Wednesday, April 06, 2005

Saul Bellow Dies

OK, i swear i won't do another entry about somebody dying anytime soon, but i couldn't let Saul Bellow's death pass unnoticed.

When i was still in college i made a trip to Chicago with my then-girlfriend, eventual wife Emily. I wanted to show her downtown Chicago, so we stayed at a place on, i think, Ontario. We walked around downtown, going to the top of the John Hancock building, stopping at the Water Tower, etc. But for the most part we walked up and down Michigan Avenue. I know we went to most of the stores, but the one place i most remember is Brent's Book Store. I bought a book, but i don't remember what it was, and i also picked up a small pamphlet written by the store's proprietor, Stewart Brent. It was a list of his 100 favorite books. I'd heard of about half of them, although i'd read only a handful. One of the books that i'd never heard of was Humboldt's Gift by Saul Bellow.

For some reason the title intrigued me and i did some research on Mr. Bellow. I was surprised to find that he'd won the Nobel Prize. Clearly, i was not a lit major. I bought a paperback copy of Humboldt's Gift, which i read in a few days and i read Dangling Man and Henderson the Rain King soon thereafter. To be honest i was probably a bit too young to really appreciate Bellow's work at that time, except for Dangling Man, but his brash, midwestern characters had an appealing mixture of the familiar and the exotic.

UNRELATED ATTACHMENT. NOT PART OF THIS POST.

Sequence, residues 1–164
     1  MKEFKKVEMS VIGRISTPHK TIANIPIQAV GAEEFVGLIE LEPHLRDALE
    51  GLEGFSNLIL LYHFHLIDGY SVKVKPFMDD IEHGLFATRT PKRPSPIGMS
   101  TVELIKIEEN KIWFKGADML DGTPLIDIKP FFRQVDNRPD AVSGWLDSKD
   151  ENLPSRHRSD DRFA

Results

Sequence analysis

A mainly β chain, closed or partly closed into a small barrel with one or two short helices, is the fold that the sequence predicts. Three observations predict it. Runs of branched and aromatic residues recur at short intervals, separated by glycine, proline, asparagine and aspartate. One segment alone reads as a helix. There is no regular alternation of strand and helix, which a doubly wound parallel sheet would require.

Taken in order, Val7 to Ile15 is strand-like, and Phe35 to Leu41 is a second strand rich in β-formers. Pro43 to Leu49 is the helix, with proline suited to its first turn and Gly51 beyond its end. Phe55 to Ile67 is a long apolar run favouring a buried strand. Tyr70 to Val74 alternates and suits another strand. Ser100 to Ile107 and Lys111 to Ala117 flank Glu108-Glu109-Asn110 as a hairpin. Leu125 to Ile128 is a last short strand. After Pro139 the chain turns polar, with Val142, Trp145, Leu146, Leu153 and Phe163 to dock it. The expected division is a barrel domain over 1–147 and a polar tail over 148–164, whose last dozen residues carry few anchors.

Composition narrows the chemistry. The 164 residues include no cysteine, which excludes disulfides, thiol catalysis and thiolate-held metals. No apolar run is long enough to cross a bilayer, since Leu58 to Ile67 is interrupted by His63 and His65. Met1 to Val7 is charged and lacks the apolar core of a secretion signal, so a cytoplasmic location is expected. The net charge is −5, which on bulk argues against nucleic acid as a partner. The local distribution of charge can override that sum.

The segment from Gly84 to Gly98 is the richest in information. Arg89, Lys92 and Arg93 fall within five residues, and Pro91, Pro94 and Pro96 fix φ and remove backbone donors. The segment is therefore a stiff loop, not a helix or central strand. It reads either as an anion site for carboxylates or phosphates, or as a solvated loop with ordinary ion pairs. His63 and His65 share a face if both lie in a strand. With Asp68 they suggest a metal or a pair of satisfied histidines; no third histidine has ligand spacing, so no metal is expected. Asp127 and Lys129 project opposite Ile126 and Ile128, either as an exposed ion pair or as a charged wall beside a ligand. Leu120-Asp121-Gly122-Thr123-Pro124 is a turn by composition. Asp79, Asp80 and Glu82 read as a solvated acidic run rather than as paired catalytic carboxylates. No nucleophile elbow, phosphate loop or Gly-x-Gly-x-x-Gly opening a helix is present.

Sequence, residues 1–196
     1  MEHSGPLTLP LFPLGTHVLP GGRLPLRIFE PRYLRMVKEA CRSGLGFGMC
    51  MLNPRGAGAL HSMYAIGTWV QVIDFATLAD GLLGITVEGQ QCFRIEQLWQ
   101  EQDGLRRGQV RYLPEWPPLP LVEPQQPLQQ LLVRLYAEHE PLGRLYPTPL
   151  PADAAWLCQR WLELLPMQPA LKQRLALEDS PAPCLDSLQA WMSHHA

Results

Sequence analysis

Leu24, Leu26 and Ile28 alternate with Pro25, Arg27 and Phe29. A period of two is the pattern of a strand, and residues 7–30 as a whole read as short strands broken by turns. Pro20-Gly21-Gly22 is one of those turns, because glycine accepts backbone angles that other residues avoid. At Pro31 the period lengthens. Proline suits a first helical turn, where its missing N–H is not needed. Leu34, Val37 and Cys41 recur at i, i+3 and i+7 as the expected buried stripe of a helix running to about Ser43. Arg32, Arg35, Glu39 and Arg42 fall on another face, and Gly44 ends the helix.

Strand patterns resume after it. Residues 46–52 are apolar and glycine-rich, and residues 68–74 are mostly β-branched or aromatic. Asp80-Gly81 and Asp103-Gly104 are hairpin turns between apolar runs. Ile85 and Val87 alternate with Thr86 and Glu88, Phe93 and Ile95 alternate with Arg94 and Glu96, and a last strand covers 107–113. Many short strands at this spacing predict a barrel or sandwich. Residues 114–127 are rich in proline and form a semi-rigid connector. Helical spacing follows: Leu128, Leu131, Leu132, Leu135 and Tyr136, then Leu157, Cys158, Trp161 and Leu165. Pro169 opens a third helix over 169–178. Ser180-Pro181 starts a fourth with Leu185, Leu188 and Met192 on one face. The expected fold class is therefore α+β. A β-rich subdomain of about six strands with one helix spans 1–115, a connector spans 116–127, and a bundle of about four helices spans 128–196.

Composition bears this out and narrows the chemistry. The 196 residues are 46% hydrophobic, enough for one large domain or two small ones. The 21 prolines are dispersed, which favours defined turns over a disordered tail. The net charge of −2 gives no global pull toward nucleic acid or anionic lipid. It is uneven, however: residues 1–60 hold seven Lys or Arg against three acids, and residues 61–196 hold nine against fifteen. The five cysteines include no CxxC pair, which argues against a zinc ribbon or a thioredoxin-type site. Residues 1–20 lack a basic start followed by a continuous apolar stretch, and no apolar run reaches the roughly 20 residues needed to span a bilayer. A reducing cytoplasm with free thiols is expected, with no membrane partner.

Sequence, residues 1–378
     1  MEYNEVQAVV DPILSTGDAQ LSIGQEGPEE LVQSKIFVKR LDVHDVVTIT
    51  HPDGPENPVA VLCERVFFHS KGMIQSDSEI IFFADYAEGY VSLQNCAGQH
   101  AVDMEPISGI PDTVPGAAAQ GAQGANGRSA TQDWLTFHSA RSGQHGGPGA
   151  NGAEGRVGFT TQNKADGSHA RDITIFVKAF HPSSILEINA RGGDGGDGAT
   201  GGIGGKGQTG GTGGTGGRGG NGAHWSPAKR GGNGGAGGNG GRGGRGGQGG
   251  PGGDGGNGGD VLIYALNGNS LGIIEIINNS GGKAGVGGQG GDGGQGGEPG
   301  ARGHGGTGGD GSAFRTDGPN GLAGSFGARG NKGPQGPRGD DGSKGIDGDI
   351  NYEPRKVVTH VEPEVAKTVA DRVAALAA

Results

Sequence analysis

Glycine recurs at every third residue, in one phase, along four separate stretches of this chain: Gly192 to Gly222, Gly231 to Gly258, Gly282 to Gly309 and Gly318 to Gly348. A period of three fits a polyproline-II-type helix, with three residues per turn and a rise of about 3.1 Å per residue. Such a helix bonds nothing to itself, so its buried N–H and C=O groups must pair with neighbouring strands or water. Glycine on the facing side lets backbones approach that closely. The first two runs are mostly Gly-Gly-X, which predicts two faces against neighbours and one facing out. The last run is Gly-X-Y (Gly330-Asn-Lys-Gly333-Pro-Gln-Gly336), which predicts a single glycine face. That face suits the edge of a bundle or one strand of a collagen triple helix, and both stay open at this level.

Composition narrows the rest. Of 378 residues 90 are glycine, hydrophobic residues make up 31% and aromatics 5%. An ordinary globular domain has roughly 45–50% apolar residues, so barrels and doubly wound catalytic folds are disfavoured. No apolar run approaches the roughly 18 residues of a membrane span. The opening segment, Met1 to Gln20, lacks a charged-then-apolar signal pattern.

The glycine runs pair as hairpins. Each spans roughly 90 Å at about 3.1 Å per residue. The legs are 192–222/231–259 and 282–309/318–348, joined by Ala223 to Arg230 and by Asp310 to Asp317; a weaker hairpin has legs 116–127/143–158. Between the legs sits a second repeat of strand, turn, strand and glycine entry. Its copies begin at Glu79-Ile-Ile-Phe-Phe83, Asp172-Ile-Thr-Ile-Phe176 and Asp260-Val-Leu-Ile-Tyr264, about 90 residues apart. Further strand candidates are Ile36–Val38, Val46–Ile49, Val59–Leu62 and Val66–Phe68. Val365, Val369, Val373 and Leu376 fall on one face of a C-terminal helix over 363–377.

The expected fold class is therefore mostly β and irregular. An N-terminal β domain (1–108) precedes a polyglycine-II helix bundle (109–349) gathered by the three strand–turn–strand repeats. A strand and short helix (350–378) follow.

Over the years i've read everything that Bellow wrote, and he's among my 3 or 4 most favorite authors. He was never universally acclaimed, and i think the Nobel Prize might have actually hurt his standing in a strange way. I've seen several comments of this sort: "It's hard to believe that Bellow won the Nobel prize, while (insert author here) was snubbed". Had Bellow remained a bit more obscure, no Nobel, fewer National Book Awards, no Pulitzers, i think he'd have been more dear to the literati.

Come to think of it, i need to get some new favorite contemporary authors. A few are already dead, and others are getting up there (e.g., Peter Matthiessen is almost 80, though he might be immortal).

No comments: